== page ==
Russia and China have vetoed a UN Security Council resolution that would have imposed sanctions on Syria after the alleged use of chemical weapons during the civil war.
Drafted by the US, UK and France, the measure, discussed on Tuesday 28 February, won nine votes from the 15-member council, but China, Russia and Bolivia opposed it.
Three other countries - Kazakhstan, Ethiopia and Egypt - abstained.
This was Moscow's seventh veto in five years to save President Bashar al-Assad's Syrian government from sanctions.
Beijing has also vetoed six UN Security Council resolutions on the embattled nation since the civil war began in 2011.
Both China and Russia hold veto powers at the council alongside three other permanent members, the UK, US and France. Each resolution needs nine votes in support, and no vetoes from the five permanent members.
Significantly, this is the first time that pro-Assad Russia and the Trump administration have clashed, after the US President vowed to improve ties with Moscow.
The resolution, which was proposed by Great Britain and France but endorsed by the US last week, banned the sale of helicopters to Syria, and would have imposed sanctions against 11 Syrian commanders or officials and 10 groups linked to the alleged chemical attacks.
The Syrian military officials, and other entities, have been identified as having dropped chlorine-filled barrel bombs from helicopters onto rebel-held districts on at least three occasions in 2014 and 2015, according to a UN panel.
The use of chlorine as a weapon is prohibited under the 1997 Chemical Weapons Convention. The UN and an international chemical weapons watchdog, the Organisation for the Prohibition of Chemical Weapons (OPCW), found that Syrian government forces have used the weapons.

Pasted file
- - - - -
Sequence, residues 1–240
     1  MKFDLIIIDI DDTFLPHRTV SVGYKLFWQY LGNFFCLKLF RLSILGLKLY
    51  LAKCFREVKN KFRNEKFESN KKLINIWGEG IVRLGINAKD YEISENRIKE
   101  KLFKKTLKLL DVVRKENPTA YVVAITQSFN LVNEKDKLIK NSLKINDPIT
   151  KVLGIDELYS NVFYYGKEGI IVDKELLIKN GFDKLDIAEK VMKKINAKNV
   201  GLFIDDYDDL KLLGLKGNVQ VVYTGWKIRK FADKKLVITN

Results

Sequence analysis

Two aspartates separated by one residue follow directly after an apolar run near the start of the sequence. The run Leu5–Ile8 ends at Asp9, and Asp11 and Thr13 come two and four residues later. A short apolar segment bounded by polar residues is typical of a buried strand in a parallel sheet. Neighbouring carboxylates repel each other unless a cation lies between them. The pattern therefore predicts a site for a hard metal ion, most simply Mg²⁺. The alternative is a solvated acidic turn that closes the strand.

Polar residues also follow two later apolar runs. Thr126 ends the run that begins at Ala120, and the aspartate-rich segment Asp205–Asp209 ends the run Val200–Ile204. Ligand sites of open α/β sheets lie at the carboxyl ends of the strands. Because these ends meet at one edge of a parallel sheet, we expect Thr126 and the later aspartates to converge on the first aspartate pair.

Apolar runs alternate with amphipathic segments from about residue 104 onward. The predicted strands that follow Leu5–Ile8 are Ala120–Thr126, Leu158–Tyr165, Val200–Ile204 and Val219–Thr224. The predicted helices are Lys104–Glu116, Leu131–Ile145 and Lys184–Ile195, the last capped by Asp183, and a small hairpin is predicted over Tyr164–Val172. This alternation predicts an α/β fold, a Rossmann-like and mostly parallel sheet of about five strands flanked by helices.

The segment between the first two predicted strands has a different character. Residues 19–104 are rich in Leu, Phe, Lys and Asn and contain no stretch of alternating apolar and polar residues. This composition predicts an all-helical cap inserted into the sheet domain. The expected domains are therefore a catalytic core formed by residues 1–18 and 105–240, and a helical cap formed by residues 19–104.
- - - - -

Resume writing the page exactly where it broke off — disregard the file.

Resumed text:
Syria, who deny carrying out chemical attacks, agreed to destroy their chemical weapons stockpile in 2013 under an agreement negotiated between the Kremlin and Washington.
The US ambassador to the UN, Nikki Haley, who has previously described the use of chemical weapons as "barbaric", said following the vote, according to the New York Times: "It is a sad day on the Security Council when members start making excuses for other member states killing their own people.
"The world is definitely a more dangerous place."
The BBC reported that Russian President Vladimir Putin said sanctions against Syria would be "totally inappropriate", saying "it would only hurt or undermine confidence" in ongoing peace talks.
China's UN ambassador, Liu Jieyi, said: "We oppose the use of chemical weapons" but said it was too soon to impose sanctions as investigations into their use were still ongoing.
In response to the vote, UK ambassador to the UN Matthew Rycroft said: "Not taking action against chemical weapons use undermines confidence in the international community's ability to tackle flagrant violations of international law - and undermines the trust of Syrians affected by these horrific attacks."